Skip to main content

New Ways to Drive DE&I with AI Talent Technology

Ask any HR or people team what’s on their list of strategic priorities, and the chances are that improving Diversity, Equity, and Inclusion, (DE&I) is pretty near the top. One of the areas they are exploring to that intent is how to drive DE&I with AI talent tech.

DE&I covers a range of complex issues – race, gender, disability, age, ethnicity, sexual orientation, to mention a few– and is an increasing focus for forward-thinking, values-led companies. According to The Hackett Group, businesses on both sides of the Atlantic are planning to double their spend on diversity by 2025.

And it’s not just a branding exercise, nor a nice-to-have. Improving DE&I in the workplace creates a better environment for employees and is proven to drive important business outcomes. Findings from McKinsey show that more diverse companies are more profitable and performant; a trend that will only accelerate in the wake of the pandemic.

But despite widespread understanding of its importance, overall progress on DE&I has been slow, and in some cases, is getting slower. One of the fronts on which HR teams can make progress is technology: investments in tools that can enable them to understand their people deeply and holistically, identify issues and build strategies to address them. AI can help.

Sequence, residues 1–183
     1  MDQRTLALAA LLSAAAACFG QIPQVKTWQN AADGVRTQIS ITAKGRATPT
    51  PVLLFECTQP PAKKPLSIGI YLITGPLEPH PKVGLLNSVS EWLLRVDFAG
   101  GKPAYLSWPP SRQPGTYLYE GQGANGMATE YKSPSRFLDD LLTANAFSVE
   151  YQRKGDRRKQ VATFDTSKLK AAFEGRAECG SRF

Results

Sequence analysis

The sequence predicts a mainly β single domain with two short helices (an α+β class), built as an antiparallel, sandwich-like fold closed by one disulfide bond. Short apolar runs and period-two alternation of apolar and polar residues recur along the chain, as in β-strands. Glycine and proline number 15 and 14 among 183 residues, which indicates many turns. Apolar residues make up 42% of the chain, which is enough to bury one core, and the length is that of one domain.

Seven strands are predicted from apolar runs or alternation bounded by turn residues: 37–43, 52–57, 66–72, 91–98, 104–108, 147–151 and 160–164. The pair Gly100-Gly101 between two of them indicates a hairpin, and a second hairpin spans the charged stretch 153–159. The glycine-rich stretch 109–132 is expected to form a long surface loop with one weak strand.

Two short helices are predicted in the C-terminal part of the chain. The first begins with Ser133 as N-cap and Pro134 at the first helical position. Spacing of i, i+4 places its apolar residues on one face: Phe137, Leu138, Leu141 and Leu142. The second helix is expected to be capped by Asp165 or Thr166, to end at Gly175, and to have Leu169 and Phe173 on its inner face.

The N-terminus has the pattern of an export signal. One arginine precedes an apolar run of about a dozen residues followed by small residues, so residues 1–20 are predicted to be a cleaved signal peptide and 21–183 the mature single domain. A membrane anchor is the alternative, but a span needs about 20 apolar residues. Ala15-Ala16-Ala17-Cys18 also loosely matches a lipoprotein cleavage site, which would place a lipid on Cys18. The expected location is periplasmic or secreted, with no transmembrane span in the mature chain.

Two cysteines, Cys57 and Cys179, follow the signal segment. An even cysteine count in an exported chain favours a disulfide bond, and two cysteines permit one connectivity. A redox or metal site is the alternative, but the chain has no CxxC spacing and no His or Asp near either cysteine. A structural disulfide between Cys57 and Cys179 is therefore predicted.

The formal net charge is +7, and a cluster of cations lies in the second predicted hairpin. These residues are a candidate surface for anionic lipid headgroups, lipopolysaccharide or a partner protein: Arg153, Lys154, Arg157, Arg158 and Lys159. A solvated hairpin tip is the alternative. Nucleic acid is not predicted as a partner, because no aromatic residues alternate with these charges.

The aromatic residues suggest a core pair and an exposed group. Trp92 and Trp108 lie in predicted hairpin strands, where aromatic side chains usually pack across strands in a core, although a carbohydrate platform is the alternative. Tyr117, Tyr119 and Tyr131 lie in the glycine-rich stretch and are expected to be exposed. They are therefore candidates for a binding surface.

The challenges of DE&I in hiring

DE&I is hard to get right: conscious and unconscious biases can creep in almost everywhere across a business, excluding important perspectives, hindering collaboration and holding back progress against business goals. It’s especially difficult to protect against in HR teams, where so much is based on personal interactions with other employees and candidates.

In fact, hiring processes can actively be a barrier to meeting DE&I targets if not managed sensitively. There are a number of potential issues that can arise as candidates move through the funnel, including but not limited to:

Confirmation bias

Recruiters evaluate candidates based on ‘gut feeling’, and steer interview questions to confirm their instincts, rather than objectively assess aptitude

Affinity bias

Recruiters respond more positively to candidates they feel they get along well with, or who share certain characteristics, backgrounds and personality traits

Halo effect

Recruiters rely too heavily on one positive trait (a degree from a good university, for instance) and use that to shape their judgement of a candidate, rather than properly interrogating their skillset.

 

Research has shown that even the wording in job descriptions can be filled with implicit biases which invite applications from one type of candidate, while discouraging others. When processes are so dependent on individuals and their personal judgement or interview styles, it can be difficult to achieve the behavioural change that’s required for DE&I initiatives to be successful.

 

Using AI to advance DE&I

That’s where technology – and AI specifically – can be useful. More data than ever exists within businesses, and that gives HR teams new opportunities for learning and improvement. By surfacing deep insights about hiring processes and team demographics, they can start to identify issues and build models that eliminate bias and improve outcomes.